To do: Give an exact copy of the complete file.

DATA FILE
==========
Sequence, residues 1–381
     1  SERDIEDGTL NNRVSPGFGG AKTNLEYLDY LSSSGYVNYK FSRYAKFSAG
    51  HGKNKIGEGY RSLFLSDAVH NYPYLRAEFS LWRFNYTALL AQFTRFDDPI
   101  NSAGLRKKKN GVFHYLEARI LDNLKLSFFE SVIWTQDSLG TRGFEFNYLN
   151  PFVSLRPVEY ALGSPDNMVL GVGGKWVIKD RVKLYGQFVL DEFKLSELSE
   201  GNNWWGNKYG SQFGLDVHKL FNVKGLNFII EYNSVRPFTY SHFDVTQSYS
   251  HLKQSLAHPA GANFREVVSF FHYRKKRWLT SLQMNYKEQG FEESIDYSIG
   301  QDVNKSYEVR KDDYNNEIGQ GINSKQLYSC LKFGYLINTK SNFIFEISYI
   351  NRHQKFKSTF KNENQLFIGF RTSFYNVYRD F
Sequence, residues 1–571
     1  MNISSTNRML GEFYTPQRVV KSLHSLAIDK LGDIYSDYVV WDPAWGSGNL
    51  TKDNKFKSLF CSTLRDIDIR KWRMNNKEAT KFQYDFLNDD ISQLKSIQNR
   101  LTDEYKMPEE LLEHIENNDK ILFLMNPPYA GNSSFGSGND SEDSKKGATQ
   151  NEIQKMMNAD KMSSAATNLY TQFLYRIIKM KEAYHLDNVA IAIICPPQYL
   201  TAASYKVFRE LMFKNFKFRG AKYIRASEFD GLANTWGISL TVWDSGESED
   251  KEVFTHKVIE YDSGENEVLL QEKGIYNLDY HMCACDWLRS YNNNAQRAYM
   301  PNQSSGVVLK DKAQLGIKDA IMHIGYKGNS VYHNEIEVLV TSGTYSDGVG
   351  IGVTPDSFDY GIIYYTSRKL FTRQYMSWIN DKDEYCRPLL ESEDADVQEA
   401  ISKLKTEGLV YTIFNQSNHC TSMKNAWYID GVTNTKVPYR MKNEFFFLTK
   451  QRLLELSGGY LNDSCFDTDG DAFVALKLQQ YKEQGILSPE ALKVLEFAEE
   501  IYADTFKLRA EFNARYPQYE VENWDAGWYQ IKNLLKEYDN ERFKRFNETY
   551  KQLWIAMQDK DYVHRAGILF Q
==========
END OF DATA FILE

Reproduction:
Sequence, residues 1–381
     1  SERDIEDGTL NNRVSPGFGG AKTNLEYLDY LSSSGYVNYK FSRYAKFSAG
    51  HGKNKIGEGY RSLFLSDAVH NYPYLRAEFS LWRFNYTALL AQFTRFDDPI
   101  NSAGLRKKKN GVFHYLEARI LDNLKLSFFE SVIWTQDSLG TRGFEFNYLN
   151  PFVSLRPVEY ALGSPDNMVL GVGGKWVIKD RVKLYGQFVL DEFKLSELSE
   201  GNNWWGNKYG SQFGLDVHKL FNVKGLNFII EYNSVRPFTY SHFDVTQSYS
   251  HLKQSLAHPA GANFREVVSF FHYRKKRWLT SLQMNYKEQG FEESIDYSIG
   301  QDVNKSYEVR KDDYNNEIGQ GINSKQLYSC LKFGYLINTK SNFIFEISYI
   351  NRHQKFKSTF KNENQLFIGF RTSFYNVYRD F
Sequence, residues 1–571
     1  MNISSTNRML GEFYTPQRVV KSLHSLAIDK LGDIYSDYVV WDPAWGSGNL
    51  TKDNKFKSLF CSTLRDIDIR KWRMNNKEAT KFQYDFLNDD ISQLKSIQNR
   101  LTDEYKMPEE LLEHIENNDK ILFLMNPPYA GNSSFGSGND SEDSKKGATQ
   151  NEIQKMMNAD KMSSAATNLY TQFLYRIIKM KEAYHLDNVA IAIICPPQYL
   201  TAASYKVFRE LMFKNFKFRG AKYIRASEFD GLANTWGISL TVWDSGESED
   251  KEVFTHKVIE YDSGENEVLL QEKGIYNLDY HMCACDWLRS YNNNAQRAYM
   301  PNQSSGVVLK DKAQLGIKDA IMHIGYKGNS VYHNEIEVLV TSGTYSDGVG
   351  IGVTPDSFDY GIIYYTSRKL FTRQYMSWIN DKDEYCRPLL ESEDADVQEA
   401  ISKLKTEGLV YTIFNQSNHC TSMKNAWYID GVTNTKVPYR MKNEFFFLTK
   451  QRLLELSGGY LNDSCFDTDG DAFVALKLQQ YKEQGILSPE ALKVLEFAEE
   501  IYADTFKLRA EFNARYPQYE VENWDAGWYQ IKNLLKEYDN ERFKRFNETY
   551  KQLWIAMQDK DYVHRAGILF Q